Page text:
Hacked By GeNErAL
I’ve learned a lot since I started to get involved in extracurricular activities in high school, volunteer and leadership opportunities during university, as well as full-time and part-time jobs that I have taken the last few years, along with the roles that I have taken on here in Mongolia.
Reflecting on these experiences, I think that the most important thing that I have learned is when to say “no” to something or someone. When I was younger, I always felt bad about saying no – I didn’t want to be the person that stood in the way of something, I didn’t want to be perceived as someone who held the team back. At the same time, however, I found it frustrating whenever I willed myself to agree to something I felt was a bad idea or just was not comfortable with.
After some reflection on this matter, I found that there were four situations that I would find myself questioning a decision, or saying no to a decision:
- It is wrong. Some people think that it is okay to operate in an ethical grey area, or to break rules that were put in place for a reason. I usually feel uncomfortable with taking decisions that are borderline unethical or skirt/bend the rules, especially when there is a risk for others to be negatively affected. I usually start questioning a proposed action or decision when I start sensing that something is wrong.
- Changing expectations. This is tricky, simply because I have found that there are times when I had to change expectations in order to make something work, which is fine. But there are limits to when expectations can be changed. When I am faced with a decision that requires me to change my expectations, I always try to think about both the positive and negative effects of such a decision. If I or someone else is severely negatively affected by a required change of expectations, especially when I feel as though I or someone else has been misled, I’m often inclined to say no.
- Time. I have always had an extremely busy schedule. I value my time, and I like to be able to achieve both my goals inside and outside of work. I like to keep work during work hours because I like to focus on work during the business day. Outside of business hours, I like to focus on other things. When I’m asked to do work on something outside of working hours, I always ask myself if it is necessary for me to work on it outside of working hours in order for me to achieve my work goals, or if I can block off time during working hours the next day to focus on it. This includes meetings. I don’t do this because I am selfish with my time, I do it because I want to make sure that I work on things that I am supposed to work on during the allotted time that has been given to me – I don’t want to put things off.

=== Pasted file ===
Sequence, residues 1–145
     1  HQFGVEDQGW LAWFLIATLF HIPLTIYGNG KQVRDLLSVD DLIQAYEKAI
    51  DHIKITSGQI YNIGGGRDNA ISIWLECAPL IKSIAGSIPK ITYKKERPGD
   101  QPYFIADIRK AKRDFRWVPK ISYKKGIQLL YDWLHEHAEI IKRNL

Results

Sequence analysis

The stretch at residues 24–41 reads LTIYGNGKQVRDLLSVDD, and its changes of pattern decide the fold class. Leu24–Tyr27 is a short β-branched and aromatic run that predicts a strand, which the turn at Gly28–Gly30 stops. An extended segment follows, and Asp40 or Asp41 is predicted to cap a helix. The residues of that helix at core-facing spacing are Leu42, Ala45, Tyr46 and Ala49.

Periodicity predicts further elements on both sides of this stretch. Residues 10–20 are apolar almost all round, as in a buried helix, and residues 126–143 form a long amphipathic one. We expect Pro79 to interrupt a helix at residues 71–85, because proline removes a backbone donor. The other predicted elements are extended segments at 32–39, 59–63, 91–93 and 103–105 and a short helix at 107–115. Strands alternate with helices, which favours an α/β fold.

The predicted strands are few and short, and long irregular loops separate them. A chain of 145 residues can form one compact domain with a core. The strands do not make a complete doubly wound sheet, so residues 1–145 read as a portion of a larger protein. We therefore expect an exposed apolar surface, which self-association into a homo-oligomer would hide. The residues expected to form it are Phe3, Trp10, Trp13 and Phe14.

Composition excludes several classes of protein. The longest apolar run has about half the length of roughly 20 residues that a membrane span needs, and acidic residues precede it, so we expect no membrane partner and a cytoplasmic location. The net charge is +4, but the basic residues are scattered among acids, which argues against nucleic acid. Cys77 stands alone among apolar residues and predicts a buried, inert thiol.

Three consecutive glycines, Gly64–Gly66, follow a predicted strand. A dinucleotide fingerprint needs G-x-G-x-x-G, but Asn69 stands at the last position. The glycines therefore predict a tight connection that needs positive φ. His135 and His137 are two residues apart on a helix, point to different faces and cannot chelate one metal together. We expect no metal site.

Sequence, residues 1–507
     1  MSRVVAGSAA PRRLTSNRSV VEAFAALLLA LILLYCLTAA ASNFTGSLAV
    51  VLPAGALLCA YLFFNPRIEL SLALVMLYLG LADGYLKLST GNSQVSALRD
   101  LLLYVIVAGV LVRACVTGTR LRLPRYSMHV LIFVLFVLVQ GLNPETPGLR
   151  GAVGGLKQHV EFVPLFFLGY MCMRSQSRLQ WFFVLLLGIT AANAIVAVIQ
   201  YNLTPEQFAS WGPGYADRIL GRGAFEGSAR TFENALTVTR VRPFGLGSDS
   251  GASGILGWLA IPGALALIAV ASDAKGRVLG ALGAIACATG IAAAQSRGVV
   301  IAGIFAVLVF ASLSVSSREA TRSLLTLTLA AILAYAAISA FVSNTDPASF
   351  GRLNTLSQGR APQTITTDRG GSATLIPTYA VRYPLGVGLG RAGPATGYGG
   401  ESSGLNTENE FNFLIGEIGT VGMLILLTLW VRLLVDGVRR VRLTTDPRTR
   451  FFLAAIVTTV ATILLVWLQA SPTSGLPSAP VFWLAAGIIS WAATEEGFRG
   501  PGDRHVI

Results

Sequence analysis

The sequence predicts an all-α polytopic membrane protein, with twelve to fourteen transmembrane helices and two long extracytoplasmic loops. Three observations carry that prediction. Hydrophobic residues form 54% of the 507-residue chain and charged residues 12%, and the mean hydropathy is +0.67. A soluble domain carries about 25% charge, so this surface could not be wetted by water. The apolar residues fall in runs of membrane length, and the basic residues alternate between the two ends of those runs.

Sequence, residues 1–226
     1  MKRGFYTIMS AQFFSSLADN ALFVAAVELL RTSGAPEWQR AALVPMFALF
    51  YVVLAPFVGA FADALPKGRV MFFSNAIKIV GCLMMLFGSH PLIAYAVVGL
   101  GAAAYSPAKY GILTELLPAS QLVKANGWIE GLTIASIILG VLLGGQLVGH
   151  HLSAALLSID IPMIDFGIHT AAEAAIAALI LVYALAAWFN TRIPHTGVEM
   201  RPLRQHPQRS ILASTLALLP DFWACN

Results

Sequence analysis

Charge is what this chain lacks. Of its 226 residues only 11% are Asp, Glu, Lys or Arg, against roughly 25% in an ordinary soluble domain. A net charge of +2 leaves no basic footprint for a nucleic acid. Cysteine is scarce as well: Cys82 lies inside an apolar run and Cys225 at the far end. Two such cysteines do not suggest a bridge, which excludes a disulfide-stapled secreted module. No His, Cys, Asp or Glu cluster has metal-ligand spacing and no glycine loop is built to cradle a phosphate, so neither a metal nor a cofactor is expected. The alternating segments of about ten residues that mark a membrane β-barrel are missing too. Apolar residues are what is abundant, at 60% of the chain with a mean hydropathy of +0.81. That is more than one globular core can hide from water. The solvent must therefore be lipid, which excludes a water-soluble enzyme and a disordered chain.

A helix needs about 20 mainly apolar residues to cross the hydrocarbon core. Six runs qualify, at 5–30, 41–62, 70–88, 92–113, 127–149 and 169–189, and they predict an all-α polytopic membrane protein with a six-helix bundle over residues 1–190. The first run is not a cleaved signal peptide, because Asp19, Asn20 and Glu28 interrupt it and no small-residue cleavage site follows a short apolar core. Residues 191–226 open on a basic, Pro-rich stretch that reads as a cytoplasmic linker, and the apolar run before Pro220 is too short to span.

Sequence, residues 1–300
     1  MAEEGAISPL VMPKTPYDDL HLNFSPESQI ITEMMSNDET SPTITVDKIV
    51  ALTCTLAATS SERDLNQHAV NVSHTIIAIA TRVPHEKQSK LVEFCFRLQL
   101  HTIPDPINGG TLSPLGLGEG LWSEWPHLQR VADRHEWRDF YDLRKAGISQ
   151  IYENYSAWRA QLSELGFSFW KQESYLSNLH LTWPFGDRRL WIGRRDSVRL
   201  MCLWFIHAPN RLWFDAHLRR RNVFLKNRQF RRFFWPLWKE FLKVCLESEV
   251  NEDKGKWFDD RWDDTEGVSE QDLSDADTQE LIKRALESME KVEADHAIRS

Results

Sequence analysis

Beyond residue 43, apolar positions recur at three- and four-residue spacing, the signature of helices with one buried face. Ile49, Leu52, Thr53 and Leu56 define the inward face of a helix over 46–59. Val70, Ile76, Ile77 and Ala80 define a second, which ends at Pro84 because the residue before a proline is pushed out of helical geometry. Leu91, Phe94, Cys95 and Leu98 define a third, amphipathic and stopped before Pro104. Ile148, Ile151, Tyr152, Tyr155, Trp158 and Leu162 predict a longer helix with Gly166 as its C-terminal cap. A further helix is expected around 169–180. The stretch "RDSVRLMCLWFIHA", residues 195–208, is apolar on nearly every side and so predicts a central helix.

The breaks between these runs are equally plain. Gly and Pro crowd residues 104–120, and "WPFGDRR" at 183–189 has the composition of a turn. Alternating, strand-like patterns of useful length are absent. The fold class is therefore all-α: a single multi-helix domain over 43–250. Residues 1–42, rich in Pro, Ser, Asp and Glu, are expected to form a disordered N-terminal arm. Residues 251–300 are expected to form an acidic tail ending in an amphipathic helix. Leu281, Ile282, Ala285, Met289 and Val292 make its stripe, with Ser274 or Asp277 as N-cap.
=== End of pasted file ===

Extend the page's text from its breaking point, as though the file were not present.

- When someone else should be doing the work. While I want to make sure that I contribute to the team, I also want to make sure that others do their share as well. I’m always happy to help my teammates out, but I don’t want to be taken advantage of and be left doing everything.
I used to think that saying no would lead others to see think of me as selfish. But from my point of view, saying no is a way for me to consider other options and ways of doing things with my co-workers.
And from a more personal point of view, it is a way for me to stand up for myself as well. At the end of the day, if you don’t know when and how to say no, people will walk all over you. Who will stand up for you, if not yourself?
I had dinner with a friend on Friday night. We were catching up both with our own lives, as well as the lives of the people that we both were friends with. Many of my friends in Vancouver seem to have moved on to different phases in their lives. Some have graduated, some have taken on new careers, and some (a significant number, mind you) have chosen to pack up and leave Vancouver altogether.